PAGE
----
WHAT WE’RE ABOUT:
If you’ve found yourself on this page because you’ve googled “Women 3D Printing” in an attempt to Weird-Science yourself a girlfriend, you’re about to be disappointed.
We’re not that type of place.
Beulah is a blog at the intersection of DIY, craft, and tech.
We’re sick and tired of being the token girls in the room at our local Makerspaces and we’re definitely over a world where typing “For Women” into the search bar of a popular 3D printing marketplace brings up endless pages of figurines of naked ladies with racks that make Dolly Parton look like a preteen boy.
3D printing and related digital design technologies are giving us an opportunity to design our lives from the ground up. Beulah is a place to explore that, to use this tool to make the things we think are beautiful, to make things we love, the things we want, the things we need.
The stakes are high, ladies. These technologies are going to change the way we design and consume- let’s make sure there’s no 3D printed ceiling when we get there.
Our name is inspired by Beulah Louise Henry (1887-1973). Known as “Lady Edison” back in her day, Beulah held 49 patents and is credited with over 100 inventions, ranging from her first in 1912, a vacuum ice cream freezer to a bobbinless sewing machine to a doll with eyes that changed color from blue to brown.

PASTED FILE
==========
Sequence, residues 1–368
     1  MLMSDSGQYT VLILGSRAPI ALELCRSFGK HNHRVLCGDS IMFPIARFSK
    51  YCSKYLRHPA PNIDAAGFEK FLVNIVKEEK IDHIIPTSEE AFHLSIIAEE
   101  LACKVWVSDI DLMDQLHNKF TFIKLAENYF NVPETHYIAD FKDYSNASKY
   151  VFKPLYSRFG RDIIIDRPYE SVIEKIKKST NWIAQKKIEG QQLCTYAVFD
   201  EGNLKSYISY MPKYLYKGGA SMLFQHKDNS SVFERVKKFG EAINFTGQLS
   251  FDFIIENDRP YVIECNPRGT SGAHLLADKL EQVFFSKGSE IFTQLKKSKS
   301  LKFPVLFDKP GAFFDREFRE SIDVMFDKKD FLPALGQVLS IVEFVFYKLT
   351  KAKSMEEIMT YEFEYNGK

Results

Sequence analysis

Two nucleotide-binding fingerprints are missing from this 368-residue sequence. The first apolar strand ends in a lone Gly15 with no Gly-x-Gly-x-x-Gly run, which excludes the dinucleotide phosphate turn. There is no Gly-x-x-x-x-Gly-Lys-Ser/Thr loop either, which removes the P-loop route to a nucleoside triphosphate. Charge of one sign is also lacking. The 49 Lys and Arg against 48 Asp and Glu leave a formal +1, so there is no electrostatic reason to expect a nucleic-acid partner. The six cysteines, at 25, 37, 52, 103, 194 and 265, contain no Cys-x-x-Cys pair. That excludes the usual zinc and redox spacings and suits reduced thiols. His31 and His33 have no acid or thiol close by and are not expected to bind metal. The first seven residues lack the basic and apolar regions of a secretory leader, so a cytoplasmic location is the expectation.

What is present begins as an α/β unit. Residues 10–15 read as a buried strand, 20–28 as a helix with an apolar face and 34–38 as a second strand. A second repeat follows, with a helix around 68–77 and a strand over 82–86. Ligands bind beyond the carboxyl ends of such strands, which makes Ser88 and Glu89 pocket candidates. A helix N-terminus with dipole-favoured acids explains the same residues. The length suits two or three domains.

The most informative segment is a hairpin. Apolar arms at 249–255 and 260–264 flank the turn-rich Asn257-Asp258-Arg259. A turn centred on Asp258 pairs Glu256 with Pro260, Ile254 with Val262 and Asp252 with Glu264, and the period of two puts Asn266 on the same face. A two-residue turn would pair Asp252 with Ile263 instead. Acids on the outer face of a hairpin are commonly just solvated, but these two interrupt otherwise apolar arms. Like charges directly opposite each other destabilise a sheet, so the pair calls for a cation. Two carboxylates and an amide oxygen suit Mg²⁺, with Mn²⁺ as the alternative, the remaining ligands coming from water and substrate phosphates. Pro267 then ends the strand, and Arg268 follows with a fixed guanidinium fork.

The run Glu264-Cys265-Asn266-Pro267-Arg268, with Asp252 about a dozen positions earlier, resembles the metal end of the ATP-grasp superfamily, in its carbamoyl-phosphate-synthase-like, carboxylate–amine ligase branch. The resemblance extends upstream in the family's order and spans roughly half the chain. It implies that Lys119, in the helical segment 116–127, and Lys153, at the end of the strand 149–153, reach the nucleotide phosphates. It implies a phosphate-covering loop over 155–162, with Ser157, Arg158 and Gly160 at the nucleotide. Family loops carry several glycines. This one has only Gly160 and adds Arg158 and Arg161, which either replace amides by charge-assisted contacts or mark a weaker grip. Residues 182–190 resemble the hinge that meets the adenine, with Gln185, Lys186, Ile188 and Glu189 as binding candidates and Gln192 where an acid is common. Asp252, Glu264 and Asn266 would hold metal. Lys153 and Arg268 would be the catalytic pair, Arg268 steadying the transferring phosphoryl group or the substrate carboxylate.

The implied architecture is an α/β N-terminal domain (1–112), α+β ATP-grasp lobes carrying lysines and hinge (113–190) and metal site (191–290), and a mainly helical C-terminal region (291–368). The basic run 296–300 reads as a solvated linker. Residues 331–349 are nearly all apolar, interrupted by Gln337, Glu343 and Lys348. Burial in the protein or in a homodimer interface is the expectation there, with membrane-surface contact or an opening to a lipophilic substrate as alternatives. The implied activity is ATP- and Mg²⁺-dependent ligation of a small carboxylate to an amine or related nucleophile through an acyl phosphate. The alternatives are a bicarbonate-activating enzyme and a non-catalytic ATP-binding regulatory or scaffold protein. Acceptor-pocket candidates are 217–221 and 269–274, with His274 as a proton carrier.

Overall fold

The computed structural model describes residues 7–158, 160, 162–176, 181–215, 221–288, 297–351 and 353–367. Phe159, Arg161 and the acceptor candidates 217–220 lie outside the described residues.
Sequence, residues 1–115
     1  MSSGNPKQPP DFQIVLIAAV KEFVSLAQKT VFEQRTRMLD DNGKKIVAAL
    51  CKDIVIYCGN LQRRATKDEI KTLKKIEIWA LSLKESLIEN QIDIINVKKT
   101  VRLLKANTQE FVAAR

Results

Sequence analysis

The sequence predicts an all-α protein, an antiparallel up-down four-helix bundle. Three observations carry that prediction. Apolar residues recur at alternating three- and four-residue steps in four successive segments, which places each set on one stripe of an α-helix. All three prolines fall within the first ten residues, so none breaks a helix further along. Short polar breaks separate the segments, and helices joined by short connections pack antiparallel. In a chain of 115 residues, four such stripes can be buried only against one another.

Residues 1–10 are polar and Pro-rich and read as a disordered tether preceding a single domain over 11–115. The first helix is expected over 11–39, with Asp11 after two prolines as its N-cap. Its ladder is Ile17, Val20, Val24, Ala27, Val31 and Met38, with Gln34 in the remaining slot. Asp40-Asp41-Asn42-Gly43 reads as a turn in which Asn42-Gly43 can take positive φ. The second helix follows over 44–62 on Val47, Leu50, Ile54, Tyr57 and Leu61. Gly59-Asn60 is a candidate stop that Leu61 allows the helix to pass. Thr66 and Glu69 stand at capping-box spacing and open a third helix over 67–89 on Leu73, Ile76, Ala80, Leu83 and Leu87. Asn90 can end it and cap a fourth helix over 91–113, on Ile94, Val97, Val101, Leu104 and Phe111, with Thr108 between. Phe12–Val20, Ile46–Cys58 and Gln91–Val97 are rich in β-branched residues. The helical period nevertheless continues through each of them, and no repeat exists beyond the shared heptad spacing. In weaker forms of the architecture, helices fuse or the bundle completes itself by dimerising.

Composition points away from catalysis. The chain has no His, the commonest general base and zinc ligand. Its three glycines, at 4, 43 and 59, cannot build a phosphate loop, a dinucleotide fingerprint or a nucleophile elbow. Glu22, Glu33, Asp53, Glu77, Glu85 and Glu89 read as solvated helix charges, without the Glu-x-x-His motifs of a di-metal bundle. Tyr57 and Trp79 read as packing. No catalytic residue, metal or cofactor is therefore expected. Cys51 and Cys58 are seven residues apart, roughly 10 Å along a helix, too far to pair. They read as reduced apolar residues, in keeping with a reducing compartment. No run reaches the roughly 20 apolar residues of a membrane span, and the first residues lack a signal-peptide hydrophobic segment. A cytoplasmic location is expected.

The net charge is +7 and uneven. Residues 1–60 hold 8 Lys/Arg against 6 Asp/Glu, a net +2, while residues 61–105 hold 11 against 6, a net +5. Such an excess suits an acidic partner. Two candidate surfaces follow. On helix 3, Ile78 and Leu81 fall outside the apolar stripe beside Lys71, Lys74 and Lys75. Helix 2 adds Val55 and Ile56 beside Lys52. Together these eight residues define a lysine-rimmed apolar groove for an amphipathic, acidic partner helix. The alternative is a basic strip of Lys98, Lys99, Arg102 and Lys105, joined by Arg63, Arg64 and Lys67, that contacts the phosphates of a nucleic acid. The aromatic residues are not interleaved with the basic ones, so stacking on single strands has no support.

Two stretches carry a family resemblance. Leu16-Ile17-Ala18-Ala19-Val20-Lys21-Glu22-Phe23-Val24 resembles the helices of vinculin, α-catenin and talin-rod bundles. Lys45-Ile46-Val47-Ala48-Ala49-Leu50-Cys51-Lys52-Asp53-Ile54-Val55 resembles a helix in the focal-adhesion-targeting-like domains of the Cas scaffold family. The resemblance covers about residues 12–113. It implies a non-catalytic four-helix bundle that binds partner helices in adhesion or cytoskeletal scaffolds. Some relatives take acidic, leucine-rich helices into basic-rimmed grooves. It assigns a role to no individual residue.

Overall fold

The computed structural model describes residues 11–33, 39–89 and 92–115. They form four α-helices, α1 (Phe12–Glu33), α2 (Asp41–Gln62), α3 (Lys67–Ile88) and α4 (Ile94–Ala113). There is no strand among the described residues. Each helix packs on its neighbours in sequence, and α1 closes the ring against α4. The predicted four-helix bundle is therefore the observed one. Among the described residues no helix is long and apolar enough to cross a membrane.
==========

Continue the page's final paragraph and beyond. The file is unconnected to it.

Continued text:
Any lady who devotes even a tiny bit of her life to the betterment of ice cream and the frozen dessert industry certainly deserves our adulation for that alone, but we especially love the way that, in an age when American women still didn’t have the right to vote, Beulah was killing it as an OG Girl Boss.
Self-taught as an inventor, she sold her idea for an umbrella with interchangeable snap-on covers for 50 Gs and opened her own lab, where she directed a crew of mechanical engineers and model makers. Her inventions were usually designed around the lives and needs of women at the time, and she was a savvy businesswoman who actually, you know, made money off her ideas. She absolutely would have killed on QVC, and that’s a fact.
A woman who was self-taught, inventive, economically self-sufficient, and not afraid to mix it up in a male-dominated field… we could all stand to be more like Beulah.
“I invent because I cannot help it.”- Beulah Louise Henry